CSP Magazine

Industry Views: Discerning the Future of Hydrogen Vehicles

While electric and natural-gas vehicles (and even propane vehicles) are considered viable replacements for those that run on diesel or gasoline, hydrogen incites more controversy and skepticism than all the others combined. Elon Musk, CEO of Tesla Motors, referred to them earlier this year as being “extremely silly” and “fools’ cells.” Of course, having invested much of his fortune in his vision of an electric vehicle, he may be a bit biased.

I, on the other hand, like to call myself “fuel-promiscuous.” Like many fuel retailers I work with, I am impartial and indiscriminate on which alternative fuels will be adopted in the United States. Whatever is best for us, we will sell it. Of course, the big questions are if we can sell it easily and inexpensively enough to get a return on our investment.

The Perfect Car

A few years ago, I believed hydrogen fuel-cell technology to be the greatest opportunity. After all, it is the most abundant element in the universe, leaves no harmful byproducts and is efficient and renewable.

It is exciting to see Japan and the state of California supporting the development of vehicles and infrastructure, and companies such as Toyota investing heavily in the technology. Michio Kaku, a theoretical physicist and best-selling author, thinks Toyota has developed the perfect car in the Toyota Mirai, a hydrogen fuel-cell vehicle priced at $57,000 and with a range of 300 miles.

I was honored to visit Toyota in Southern California and test drive a fuel-cell vehicle, and I was impressed with the response and the quiet ride. In fact, other than the near silence of the engine, you would have thought it was an internal-combustion engine. Personally, I would love to own one.

Of course, the skeptic in me also focuses on the costs and obstacles of implementing this technology, as well as the adoption by consumers in light of a dearth of refueling locations. Toyota understands this and expects to produce only 700 vehicles for global sales this year, and reportedly another 2,300 in 2017.

Separation Anxiety

For now, it is expensive to isolate and produce hydrogen, regardless of its abundance. And while hydrogen is touted as producing zero greenhouse gas, hydrogen is generally produced through steam methane reforming from natural gas—which emits a quantity of CO2. It is also an extremely light gas, which makes it difficult to transport, and there is no pipeline infrastructure today similar to that of natural gas by which it can be transported.

And speaking of natural gas, retailers that thought a $1 million investment to sell compressed natural gas was excessive will positively reel at the thought of investing more than $2 million to retail hydrogen. Of course, all indications are that improvements are being made in all of the above areas, the most noteworthy of which being hydrogen production through solar energy.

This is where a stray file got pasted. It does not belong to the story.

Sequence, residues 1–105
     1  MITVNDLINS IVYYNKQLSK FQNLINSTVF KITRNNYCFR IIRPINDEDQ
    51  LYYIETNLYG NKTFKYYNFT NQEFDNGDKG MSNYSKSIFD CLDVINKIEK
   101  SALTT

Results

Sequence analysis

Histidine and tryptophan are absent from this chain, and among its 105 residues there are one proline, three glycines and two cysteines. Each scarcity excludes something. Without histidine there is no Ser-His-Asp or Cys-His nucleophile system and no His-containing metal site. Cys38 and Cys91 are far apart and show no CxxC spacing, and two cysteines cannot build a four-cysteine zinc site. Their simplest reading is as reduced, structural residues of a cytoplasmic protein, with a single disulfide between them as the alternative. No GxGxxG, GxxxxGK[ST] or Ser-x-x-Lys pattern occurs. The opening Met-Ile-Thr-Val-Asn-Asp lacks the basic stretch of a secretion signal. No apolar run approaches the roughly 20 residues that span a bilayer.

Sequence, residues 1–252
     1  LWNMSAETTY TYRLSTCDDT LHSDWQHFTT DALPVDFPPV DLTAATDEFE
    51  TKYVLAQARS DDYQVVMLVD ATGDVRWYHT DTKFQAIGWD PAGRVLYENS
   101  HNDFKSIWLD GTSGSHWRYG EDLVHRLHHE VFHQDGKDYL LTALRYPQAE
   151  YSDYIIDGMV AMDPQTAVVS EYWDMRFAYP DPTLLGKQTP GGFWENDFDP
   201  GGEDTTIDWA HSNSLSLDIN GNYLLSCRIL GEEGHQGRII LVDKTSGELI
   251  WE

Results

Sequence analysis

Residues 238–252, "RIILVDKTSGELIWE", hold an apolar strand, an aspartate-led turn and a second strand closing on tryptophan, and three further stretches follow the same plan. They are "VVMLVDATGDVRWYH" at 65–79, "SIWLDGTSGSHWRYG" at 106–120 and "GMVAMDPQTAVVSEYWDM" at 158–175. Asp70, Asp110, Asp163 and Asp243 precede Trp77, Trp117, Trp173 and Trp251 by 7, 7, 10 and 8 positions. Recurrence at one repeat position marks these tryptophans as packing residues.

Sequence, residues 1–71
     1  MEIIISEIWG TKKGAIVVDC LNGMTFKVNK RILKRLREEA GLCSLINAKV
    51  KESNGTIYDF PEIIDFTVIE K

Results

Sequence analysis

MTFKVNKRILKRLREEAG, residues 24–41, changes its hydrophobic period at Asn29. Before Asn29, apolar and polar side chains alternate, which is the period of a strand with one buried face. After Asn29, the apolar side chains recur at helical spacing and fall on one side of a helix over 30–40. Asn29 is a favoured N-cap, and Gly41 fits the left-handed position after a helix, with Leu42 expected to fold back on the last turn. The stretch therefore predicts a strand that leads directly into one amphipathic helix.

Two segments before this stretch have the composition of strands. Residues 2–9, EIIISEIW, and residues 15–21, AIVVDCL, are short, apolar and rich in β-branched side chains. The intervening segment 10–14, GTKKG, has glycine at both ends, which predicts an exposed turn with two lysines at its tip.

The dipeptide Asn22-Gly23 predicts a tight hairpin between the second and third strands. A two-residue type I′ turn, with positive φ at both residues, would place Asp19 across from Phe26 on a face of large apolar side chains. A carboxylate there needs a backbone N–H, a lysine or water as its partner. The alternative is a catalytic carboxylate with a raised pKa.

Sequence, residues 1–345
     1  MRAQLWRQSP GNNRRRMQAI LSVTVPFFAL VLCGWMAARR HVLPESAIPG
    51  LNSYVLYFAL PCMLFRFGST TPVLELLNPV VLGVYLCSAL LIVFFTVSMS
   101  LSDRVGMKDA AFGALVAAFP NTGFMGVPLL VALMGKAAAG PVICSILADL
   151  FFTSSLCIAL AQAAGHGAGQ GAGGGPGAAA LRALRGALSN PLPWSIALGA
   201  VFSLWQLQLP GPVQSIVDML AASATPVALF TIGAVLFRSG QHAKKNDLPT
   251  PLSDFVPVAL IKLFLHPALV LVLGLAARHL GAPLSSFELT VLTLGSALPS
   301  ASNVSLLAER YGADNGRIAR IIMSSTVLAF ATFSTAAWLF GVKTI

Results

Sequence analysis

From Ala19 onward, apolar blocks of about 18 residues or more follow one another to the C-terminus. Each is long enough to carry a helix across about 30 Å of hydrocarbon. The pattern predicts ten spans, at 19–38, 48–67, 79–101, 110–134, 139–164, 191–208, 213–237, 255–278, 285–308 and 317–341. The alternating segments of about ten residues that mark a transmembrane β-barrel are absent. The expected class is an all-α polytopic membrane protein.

In September, the Fuels Institute conducted a Hydrogen Refueling Summit in Indianapolis. The goal was to evaluate market development strategies that enable a viable return on investment for those retailers investing in hydrogen refueling infrastructure.

The summit revealed many things must take place before the market will be ready for retail investment. One critical element is that retailers will need a better indication of what consumer demand might look like in their area. The projects being launched in California and Massachusetts should go a long way toward ironing out the logistical issues. Costs in these markets are being shouldered by the government and auto industry for now. For retailers to assume the cost, market indicators will have to be clear and strong.

Not Fade Away?

Ultimately, the real question to me is whether hydrogen fuel-cell vehicles are destined to become only a short-term solution to the range anxiety issues of electric vehicles. Will advances in battery storage and charging capabilities make electric vehicles a more attractive solution than the hydrogen fuel cell? Also, will the expected continuation of a worldwide glut of oil and the resulting low retail price of gasoline inhibit both technologies, short of government intervention regarding greenhouse gases?

This summer I visited Fort Jefferson in the Dry Tortugas off the coast of Florida. In its time it was a state-of-the-art fortress, a massive gun platform impervious to assault and able to destroy enemy ships foolish enough to come within range of its powerful guns.

However, the development of rifled cannons and armored ships made the fort obsolete while its construction was underway, and it was never completed. Only time will tell if technological advances will render electric vehicles and/or fuel-cell vehicles obsolete.

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